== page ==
Admiral Tony Radakin thinks Moscow could attack the West's satellites
Russia could use space-based weaponry to target Western satellites, UK Chief of the Defence Staff Admiral Tony Radakin told the Telegraph on Friday. Radakin, who took his post last year, sees Russia as a long-term threat to Britain.
Russia "has capabilities in space," Radakin said. "We saw an example of that at the tail end of last year, when Russia exploded an object in space which created immense debris. Russia has nuclear capabilities, Russia has underwater capabilities."
Radakin was referring to Russia's test last year of an anti-satellite missile, which saw a ground-launched missile take out an old Soviet reconnaissance satellite. The US accused Russia of "weaponizing space" and creating a cloud of debris, although the US tested its own anti-satellite missiles with similar results over a decade ago. India and China have also trialed such weapons.
The admirals' mention of Russia's "underwater capabilities" came after a series of explosions crippled the Russia-Germany Nord Stream gas pipelines last week. While some in the West have blamed Russia for targeting its own infrastructure, Moscow has called these accusations "stupid," with President Vladimir Putin blaming the attack on "the Anglo-Saxons," a Russian colloquialism for the US-UK transatlantic alliance.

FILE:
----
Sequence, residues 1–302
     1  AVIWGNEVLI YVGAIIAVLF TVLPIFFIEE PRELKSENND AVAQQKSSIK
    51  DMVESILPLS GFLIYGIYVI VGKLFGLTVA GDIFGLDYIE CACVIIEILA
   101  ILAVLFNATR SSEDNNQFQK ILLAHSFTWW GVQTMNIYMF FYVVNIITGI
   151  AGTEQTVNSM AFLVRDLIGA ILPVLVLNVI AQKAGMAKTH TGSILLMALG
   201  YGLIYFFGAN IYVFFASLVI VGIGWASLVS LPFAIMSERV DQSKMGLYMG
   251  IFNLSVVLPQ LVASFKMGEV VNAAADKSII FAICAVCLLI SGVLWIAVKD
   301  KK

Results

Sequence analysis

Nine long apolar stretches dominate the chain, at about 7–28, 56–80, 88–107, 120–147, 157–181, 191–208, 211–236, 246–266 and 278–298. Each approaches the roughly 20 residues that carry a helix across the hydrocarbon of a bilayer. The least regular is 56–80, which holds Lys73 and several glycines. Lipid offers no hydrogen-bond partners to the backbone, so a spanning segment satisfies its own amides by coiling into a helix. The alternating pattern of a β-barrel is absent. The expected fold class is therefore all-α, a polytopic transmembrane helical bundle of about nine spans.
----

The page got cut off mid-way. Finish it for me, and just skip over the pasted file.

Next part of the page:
Malcolm Chalmers, deputy director of the Royal United Services Institute think tank, told The Telegraph that he could also envision a Russian attack on satellite systems, which could cripple the West's communications infrastructure.
"Russia could also attack the GPS systems which play a key role, both military and civilian, throughout the world," he said. "There could be some disruption to civilian services, such as sat-nav systems used in most of our phones and cars."
Such a move, Radakin said, would trigger a response from NATO, but one likely short of direct military intervention.
Russia has given no indication that it intends to fight the West in space. However, Radakin has given similar warnings before. Russia has "cyber capabilities, it's got space capabilities, and it's got particular programmes under water so it can threaten the underwater cables that allow the world's information to transit around the whole globe," he declared in July.
Radakin's warnings, both in July and on Friday, were accompanied with calls for the UK to increase its military spending.